Claiming a mandate he never had, the newly reelected president foisted a bold agenda upon Congress and the public, then watched it collapse within months—a victim of scandal, cynical opponents, and his own hubris. One despairing adviser declared, “This is the end of the presidency.”
That was George W. Bush in 2005. Or was it Barack Obama this past year? Reading Peter Baker’s extraordinary account of the Bush-Cheney era, Days of Fire, I found a striking number of parallels between Bush’s fifth year in office and the atrocious first 12 months of President Obama’s second term.
My takeaway: Obama needs to shatter the cycle of dysfunction (his and history’s) or risk leaving office like Bush, unpopular and relatively unaccomplished.
Fournier then goes on to list nine supposed similarities between Obama and George W. Bush.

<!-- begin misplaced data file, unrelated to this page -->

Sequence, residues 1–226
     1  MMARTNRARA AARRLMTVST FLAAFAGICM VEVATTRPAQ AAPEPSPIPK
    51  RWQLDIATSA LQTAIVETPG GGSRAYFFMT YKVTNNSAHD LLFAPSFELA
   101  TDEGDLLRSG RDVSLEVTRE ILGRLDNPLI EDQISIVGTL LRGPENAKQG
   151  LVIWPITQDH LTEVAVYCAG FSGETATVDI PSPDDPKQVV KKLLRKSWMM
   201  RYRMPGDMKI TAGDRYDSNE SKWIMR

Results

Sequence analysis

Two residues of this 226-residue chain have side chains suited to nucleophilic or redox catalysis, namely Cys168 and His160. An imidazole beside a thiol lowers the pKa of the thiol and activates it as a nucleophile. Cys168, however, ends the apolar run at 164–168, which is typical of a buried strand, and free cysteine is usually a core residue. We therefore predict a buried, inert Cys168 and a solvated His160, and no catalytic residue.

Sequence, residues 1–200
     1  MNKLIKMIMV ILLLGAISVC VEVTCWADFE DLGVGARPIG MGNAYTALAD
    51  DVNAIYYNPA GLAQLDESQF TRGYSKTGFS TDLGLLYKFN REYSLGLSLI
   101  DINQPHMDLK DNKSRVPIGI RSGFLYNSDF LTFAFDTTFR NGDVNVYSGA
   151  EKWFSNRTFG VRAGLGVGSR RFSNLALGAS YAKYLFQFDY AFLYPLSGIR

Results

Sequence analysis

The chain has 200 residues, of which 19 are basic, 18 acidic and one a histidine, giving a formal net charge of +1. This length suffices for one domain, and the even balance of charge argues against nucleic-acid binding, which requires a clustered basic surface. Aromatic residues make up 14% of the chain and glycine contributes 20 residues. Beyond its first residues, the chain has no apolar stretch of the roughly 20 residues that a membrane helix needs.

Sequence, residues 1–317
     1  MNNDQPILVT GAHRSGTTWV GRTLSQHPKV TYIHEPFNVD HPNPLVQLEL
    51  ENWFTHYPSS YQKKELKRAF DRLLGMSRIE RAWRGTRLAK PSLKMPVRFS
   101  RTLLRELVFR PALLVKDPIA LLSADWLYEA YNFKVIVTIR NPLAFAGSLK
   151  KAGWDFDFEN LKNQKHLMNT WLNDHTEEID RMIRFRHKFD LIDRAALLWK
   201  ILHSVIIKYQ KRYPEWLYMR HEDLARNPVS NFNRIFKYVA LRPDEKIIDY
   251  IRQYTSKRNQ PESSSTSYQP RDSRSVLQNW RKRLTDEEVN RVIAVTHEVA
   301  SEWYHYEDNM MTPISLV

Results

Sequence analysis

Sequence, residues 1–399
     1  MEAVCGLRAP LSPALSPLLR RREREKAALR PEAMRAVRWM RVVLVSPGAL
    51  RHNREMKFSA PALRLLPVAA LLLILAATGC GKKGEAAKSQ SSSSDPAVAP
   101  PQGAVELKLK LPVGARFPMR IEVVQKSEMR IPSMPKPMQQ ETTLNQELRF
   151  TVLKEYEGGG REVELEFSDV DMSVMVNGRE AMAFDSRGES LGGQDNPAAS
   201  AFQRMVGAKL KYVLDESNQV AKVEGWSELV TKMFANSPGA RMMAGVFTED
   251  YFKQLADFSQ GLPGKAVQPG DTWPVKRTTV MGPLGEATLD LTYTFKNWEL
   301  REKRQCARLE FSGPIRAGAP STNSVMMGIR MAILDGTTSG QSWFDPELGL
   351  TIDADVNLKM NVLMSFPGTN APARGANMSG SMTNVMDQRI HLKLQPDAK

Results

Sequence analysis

Of course, there are a few major differences between the two men. For a start, Bush helped shepherd the US economy after 9/11 to new highs, while Obama helped shepherd the US economy after the 2008 meltdown to new lows. Bush took a hard line and made hard choices regarding the war on terror, while Obama sent in the drones and turned his back on the men in Benghazi. Bush supported our allies in Eastern Europe and our ally Israel, while Obama gave them the cold shoulder. Bush got bipartisan support for most of his key initiatives throughout his eight years in office, while Obama no longer even receives much support from within his own party. Finally, during the entire eight years of his presidency, a bitter, hateful national press told every lie imaginable and twisted every fact they could in an effort to tarnish Bush’s reputation, turn the American people against him, and run him from office. On the other hand, a fawning, worshipful press has spent the last five years telling every lie imaginable and twisted every fact they could in an effort to elevate Obama to the status of some sort of modern messiah, yet he has still been such a miserable failure that his approval ratings are now worse than Bush’s at this point in his term. Maybe some people in the press owe Bush, and the American people, an apology for not doing their jobs?